Originally posted in OHSU’s StudentSpeak
“Mamaaaa. Heyyy Mamaaa! I need fresh water with ice! HEY MAMAAA! It’s morning time!”
I glanced at my phone and saw that it was indeed morning time. In fact it was already 6:10 a.m., which meant that I had overslept, though I hardly felt refreshed since I had been up studying until almost 2:00 a.m.
After a few minutes of silence, I heard the soft thudding of feet on the hallway carpet. A moment later, a smiling face surrounded by a halo of wild curly hair appeared at the end of my bed.
“I opened the door all by myself!” my daughter announced, beaming with smug self-satisfaction.
While this development had some undesirable implications for my privacy, I knew it was another critical step toward independence for her, and perhaps for me as well. Juggling a young toddler’s needs alongside the demands of medical school is no easy task, and I have come to appreciate even the smallest acts of self-sufficiency whenever they appear.
Thinking back to this time a year ago, my daughter and I had just arrived in Portland. She was 14 months old and though she could walk and talk, she was still a baby in most respects: she needed multiple naps a day, she nursed every few hours, she dissolved into tears at the slightest provocation. Returning to school meant that I would no longer be around to cater to her needs 24/7, a fact which filled me with anxiety and guilt at the time. What if she was traumatized by the abrupt separation? What if she hated daycare? What if she loved daycare and didn’t want to come home? What if she liked her caretakers more than me?
In addition to concerns about my baby, I had serious doubts about my own ability to survive in this new environment. I had spent so much time reassuring everyone else in my life about my plans that I hadn’t had the chance to reflect on whether this was still really what I wanted to do. The more I thought about it, the more convinced I became that I wasn’t qualified to go to medical school, let alone to go to medical school while singlehandedly caring for a small child. As a stay-at-home mom with a background in psychology and special education research I hardly seemed prepared for such a big undertaking.
Now as I enter MS2, I am happy to report that most of those worries have subsided. Over the past year I watched as my daughter blossomed from a clingy baby into a vivacious little girl who can open doors and do jigsaw puzzles and give startlingly specific instructions on how she wants her oatmeal prepared (hint: don’t even THINK about putting bananas in there). One need only spend a few minutes with her to see that she hasn’t been traumatized by this transition; in fact, she’s thriving.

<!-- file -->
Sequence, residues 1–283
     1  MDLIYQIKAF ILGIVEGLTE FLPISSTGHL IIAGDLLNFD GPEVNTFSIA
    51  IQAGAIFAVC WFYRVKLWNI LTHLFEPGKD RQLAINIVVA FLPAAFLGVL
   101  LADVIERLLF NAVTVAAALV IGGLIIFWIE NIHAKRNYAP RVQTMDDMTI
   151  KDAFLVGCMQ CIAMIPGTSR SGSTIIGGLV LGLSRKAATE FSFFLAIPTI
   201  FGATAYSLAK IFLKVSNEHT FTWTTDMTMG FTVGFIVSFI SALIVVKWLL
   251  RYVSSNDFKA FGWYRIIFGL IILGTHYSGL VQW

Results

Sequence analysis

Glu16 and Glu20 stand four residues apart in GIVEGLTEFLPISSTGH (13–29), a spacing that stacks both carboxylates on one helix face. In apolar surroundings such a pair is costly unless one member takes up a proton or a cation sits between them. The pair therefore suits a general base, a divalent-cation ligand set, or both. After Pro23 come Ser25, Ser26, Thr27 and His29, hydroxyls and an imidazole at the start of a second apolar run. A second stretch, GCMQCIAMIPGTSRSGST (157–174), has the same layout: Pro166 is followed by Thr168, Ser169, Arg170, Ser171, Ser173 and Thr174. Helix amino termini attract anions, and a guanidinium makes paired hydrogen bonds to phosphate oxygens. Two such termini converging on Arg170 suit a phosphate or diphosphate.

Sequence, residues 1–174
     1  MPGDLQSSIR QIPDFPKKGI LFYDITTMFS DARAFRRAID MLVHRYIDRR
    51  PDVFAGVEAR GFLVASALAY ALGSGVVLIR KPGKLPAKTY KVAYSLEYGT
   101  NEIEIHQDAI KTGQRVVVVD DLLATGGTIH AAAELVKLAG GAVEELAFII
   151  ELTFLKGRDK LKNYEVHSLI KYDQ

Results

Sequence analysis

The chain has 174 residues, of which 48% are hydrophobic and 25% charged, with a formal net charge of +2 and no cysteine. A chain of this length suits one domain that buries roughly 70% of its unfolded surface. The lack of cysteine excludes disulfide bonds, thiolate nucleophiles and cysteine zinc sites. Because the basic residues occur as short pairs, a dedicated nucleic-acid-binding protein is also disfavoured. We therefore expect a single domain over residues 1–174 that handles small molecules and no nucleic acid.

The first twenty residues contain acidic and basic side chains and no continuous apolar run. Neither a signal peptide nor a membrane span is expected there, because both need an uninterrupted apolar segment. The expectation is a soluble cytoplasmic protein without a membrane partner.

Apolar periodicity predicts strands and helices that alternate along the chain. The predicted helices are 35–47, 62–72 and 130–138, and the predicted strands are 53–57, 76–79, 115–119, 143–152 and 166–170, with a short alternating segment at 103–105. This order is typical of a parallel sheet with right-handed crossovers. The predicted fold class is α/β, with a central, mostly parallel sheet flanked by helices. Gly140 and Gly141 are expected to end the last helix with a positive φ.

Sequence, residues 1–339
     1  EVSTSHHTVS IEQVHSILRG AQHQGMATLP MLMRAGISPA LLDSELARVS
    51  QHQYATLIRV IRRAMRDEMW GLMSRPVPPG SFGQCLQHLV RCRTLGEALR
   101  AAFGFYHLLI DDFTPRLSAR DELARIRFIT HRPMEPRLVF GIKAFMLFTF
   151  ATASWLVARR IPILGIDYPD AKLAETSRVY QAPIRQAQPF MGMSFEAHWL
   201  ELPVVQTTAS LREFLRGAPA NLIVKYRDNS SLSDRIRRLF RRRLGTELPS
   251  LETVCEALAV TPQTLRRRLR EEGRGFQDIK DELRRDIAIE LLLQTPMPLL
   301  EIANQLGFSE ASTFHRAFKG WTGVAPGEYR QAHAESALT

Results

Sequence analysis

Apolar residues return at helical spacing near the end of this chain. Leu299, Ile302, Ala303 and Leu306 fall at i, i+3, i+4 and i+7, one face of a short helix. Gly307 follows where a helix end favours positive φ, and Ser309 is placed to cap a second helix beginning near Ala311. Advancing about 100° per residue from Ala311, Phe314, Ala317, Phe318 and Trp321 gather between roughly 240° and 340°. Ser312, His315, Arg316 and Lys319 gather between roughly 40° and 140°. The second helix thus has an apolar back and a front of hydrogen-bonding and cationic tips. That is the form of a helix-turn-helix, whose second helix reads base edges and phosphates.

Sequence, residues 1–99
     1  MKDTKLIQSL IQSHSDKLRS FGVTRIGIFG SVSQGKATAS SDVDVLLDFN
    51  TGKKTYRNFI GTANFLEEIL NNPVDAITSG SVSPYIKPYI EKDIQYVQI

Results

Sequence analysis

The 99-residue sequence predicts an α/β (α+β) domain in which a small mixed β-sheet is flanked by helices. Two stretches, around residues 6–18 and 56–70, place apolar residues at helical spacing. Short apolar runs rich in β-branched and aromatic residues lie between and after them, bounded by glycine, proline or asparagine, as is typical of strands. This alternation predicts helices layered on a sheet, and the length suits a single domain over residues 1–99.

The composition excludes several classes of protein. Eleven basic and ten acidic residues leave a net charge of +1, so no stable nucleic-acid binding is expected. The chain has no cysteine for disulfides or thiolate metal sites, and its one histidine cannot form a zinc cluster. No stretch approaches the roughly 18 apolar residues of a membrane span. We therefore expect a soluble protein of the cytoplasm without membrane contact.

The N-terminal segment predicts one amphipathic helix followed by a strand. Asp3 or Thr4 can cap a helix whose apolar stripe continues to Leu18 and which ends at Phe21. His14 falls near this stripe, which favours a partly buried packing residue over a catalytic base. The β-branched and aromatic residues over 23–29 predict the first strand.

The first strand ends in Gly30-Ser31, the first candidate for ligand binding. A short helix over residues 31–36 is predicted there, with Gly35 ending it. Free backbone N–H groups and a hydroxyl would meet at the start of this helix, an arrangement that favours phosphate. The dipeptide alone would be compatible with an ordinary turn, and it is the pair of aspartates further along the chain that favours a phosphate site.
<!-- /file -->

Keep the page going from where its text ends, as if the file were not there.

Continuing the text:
As for me, I managed to pass my first year courses and gained a profound new self-confidence in the process. Overlooking the chronic sleep deprivation and occasional lapse in personal hygiene, I actually think my first year of medical school was among the most rewarding in my academic career.
I know that I have only just started down the road to becoming a physician and that the worst is likely yet to come given that I still have rotations and residency looming on the horizon. Even so, I will continue on this giant leap of faith because I am confident now that the net will appear, even if I have to make it myself.
About Megan Thruston
Megan was born in NYC and raised in the SF Bay Area before being transplanted to Oregon during high school. Despite entering college as a theatre major, she graduated from the University of Oregon with a degree in psychology and a passion for medicine. Feeling that medical school would be too easy and boring by itself, she had a daughter in 2012 and then matriculated at OHSU in 2013.
Outside of being a medical student and a single parent, Megan loves photography, animals and nerding out on the internet. After medical school, she hopes to go into pediatrics.